I won’t belabor a long introduction today, as you guys know the deal here: the Cubs have not been successful at graduating a completely homegrown reliever (heck, pitcher) in the Theo Epstein era. Your skepticism about that changing is understood, and no, I’m not going to try to convince you that Rowan Wick counts. The Cubs simply need to prove it to you, to me, to the baseball community at large.
While there’s a good chance the reliever that ends the streak is currently a minor league starter, the ten guys below would be my guesses if it comes from the reliever ranks. Nobody is suggesting all 10 dudes below are going to hit. Of course they won’t. But I think it’s really important for this player development staff to make sure that at least one does. Baby steps and all that.
[Note: all players in Honorable Mention will appear in alphabetical order. The age listed will be their 2020 baseball age, the affiliate is my projection at their Opening Day assignment. This is the last Honorable Mention; previous honorable mentions here, here, here and here.]
Jose Albertos, RHP, 21, Myrtle Beach (Stats). I know I’m being slow to quit on Albertos, but arms as talented as his don’t grow on trees. The big Mexican right-hander had his second consecutive lost season in 2019, throwing just 14.1 innings in eight games. He pitched 6.2 more innings this winter, and combined, walked 21 in 21 innings. It’s generally showing as 20 fastball command on the 20-80 scale, and until the mechanical and mental-game issues that produce that number improve, he’s scraping the bottom of my system top 69. (Acquired: IFA, 2015)
Bailey Clark, RHP, 25, Tennessee (Stats). The issue that’s followed Bailey around for much of his career was still an issue in 2019: he doesn’t miss bats at the rate his stuff suggests it should. Clark was up to 98 mph in the summer with Tennessee, and has the build to sustain that number going forward, and will flash good sliders. But while right-handed hitters struck out just 15.8% of the time against Clark, they still only managed to hit .188/.308/.248 against him. I’m intrigued by the change below, might it unlock the whiffs? (Acquired: 5th round, 2016)
As pointed out by @CubsRelated, it looks like Clark has shortened his arm path. I don’t have great video from 2019 to compare it to, but in the thread we have a 2018 highlight, and here you have a side by side with yesterday’s video against Clark in 2017. Lots of changes. pic.twitter.com/b8oTE3FDwD
— Cubs Prospects – Bryan Smith (@cubprospects) January 29, 2020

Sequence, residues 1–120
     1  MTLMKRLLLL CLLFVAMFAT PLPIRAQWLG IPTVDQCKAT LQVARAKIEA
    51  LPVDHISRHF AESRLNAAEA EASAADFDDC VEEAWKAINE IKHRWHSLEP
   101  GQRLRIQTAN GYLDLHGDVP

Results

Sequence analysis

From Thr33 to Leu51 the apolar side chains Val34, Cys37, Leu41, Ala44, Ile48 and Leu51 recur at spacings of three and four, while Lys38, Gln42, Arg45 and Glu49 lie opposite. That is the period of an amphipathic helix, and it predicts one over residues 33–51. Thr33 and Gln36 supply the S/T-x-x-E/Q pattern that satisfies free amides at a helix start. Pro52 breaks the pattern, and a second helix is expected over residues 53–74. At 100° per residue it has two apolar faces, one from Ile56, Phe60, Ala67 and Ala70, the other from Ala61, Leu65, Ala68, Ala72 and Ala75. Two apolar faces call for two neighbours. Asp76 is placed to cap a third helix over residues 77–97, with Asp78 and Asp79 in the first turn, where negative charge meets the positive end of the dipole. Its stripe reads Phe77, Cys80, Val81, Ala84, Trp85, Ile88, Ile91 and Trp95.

Oscar De La Cruz, RHP, 25, Tennessee (Stats). It took until June 12, and an outrighting off the 40-man roster, for the Cubs to try their longtime highly ranked prospect in the bullpen. And it worked: 37.1 IP, 32 H, 3.86 ERA, 9 BB, 49 K. The walk rate there is what I find so encouraging, as ODLC won’t need to discover his velocity of four years ago (he’s more likely to top 94 than 97) to make an impact. The fastball is heavy, and the starter background gives him enough comfort with the three-pitch mix to keep hitters on their toes. (Acquired: IFA, 2012(!))
At the ballpark tonight checking out #Cubs pitching prospect Oscar De La Cruz. FB 90-94 with mid-70s CB and mid 80s CH. Struggled early finding CB release point and lives down with 2-seam FB. Great angles. FB played some up. CH could play too. pic.twitter.com/qxtwUrifVK
— Chris Blessing (@C_Blessing) May 11, 2019
Ben Hecht, RHP, 25, Tennessee (Stats). A guy that jumped out in Spring Training last year as someone who had added to his fastball over the winter, and then he backed it up with a dominant regular season. Hecht’s slider will play at the highest level. Something I’m watching closely: Hecht had a 1.86 ERA and 30% K rate in Double-A going into the last two weeks, and then was a disaster in his last four outings (5 H, 6 BB, 1 K vs 23 batters). I want to make sure he’s healthy and doing his thing again, just to ease my mind. (Acquired: IFA, 12th round, 2017)
Someone to watch this year: Ben Hecht. Last year at SB: 55.1 IP, 42 H, 4.23 ERA, 29 BB, 59 K. Killer vs RHH, not vs LHH. Killer slider. I saw FB this spring up to 94 with good spin. And then a very diff pitch at 90 (with low spin). Could have big yr in MB bullpen.
— Cubs Prospects – Bryan Smith (@cubprospects) March 22, 2019